Last call for a Lower East Side bar will come before its first drink is served if local residents have their way.
A 12-page Manhattan Supreme Court lawsuit filed Friday by the Eldridge Street Block Association argued the Manhattan neighborhood is already teeming with bars, clubs and restaurants and seeks to block the planned opening of the nascent business named Moneygoround.
“This neighborhood has more than enough places to eat and drink,” read the court filing. “This block cannot tolerate another drinking establishment ... Permitting another one to open would have a dramatic effect on the block.”
The court documents included affidavits from a half-dozen local residents dead set against the opening of another bar on Eldridge St., with the court filing calling for authorities to rescind the business’ liquor license.
“My wife and I deserve better for our health, safety and welfare,” wrote Adrian Abey Gines, a member of the block association. “So awarding another license is is definitely not in ours, or the community’s, best interest.”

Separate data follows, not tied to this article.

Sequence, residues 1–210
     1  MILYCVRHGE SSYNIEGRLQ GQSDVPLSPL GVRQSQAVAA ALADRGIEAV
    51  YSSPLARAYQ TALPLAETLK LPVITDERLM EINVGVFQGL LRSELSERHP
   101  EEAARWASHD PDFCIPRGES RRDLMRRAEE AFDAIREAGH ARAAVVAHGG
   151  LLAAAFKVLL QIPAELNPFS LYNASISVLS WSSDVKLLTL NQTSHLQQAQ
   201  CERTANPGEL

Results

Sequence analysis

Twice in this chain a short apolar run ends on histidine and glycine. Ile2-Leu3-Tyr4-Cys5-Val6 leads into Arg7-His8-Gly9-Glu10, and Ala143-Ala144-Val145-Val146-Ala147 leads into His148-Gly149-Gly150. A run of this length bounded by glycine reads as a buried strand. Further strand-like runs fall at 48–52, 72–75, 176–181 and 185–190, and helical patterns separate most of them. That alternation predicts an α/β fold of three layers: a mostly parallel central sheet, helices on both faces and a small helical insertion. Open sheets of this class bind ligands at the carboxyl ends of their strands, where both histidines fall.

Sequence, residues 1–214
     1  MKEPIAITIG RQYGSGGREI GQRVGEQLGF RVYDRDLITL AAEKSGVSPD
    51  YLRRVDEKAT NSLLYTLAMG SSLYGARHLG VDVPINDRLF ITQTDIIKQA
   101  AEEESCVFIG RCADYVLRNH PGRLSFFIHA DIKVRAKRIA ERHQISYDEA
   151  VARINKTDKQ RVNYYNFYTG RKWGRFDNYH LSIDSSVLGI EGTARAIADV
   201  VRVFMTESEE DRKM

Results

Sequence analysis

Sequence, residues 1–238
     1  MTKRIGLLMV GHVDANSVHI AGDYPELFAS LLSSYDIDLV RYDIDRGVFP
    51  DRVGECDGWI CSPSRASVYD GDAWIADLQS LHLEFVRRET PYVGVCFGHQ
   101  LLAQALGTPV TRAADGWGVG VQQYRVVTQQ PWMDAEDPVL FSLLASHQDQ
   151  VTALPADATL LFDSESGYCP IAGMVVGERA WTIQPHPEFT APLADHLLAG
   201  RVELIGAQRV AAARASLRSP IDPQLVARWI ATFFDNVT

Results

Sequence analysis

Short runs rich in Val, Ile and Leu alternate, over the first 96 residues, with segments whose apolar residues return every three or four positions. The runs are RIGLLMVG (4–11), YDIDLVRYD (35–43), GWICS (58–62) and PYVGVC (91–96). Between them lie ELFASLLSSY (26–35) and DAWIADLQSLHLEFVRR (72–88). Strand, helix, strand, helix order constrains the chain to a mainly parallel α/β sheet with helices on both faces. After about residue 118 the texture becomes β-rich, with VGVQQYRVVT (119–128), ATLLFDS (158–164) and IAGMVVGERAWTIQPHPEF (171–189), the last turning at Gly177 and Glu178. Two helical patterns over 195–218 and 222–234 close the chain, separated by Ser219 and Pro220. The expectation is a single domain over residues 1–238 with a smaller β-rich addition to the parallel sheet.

The suit alleges the State Liquor Authority, “failed to apply the substantive public interest mandates of the law and denied residents the procedural mandates of a fair public hearing” before granting a license for the spot to open at 235 Eldridge St.
An email sent Saturday for comment from the State Liquor Authority was not immediately returned. But Moneygoround managing partner Maria Devitt disputed the complaint, noting she was a long-term resident of the East Village.
“We have enjoyed enormous enthusiasm and support from the majority of neighbors on the block,” she said. “We hope to continue to serve our community and that the courts will see fit to protect the rights of small businesses, which are the heart and soul of New York City.”
But Meral Bozkurt, who moved to the neighborhood in 1980, said in his affidavit that the area has long suffered due to the area’s ever-expanding nightlife.
“Bars and lounges have had a long history of causing havoc, with documented criminal activity, late-night noise, sleepless nights for residents,” wrote Bozkurt. “General disregard from the quality of life issues on our block ... (It’s) getting worse as more and more licenses (are) granted.”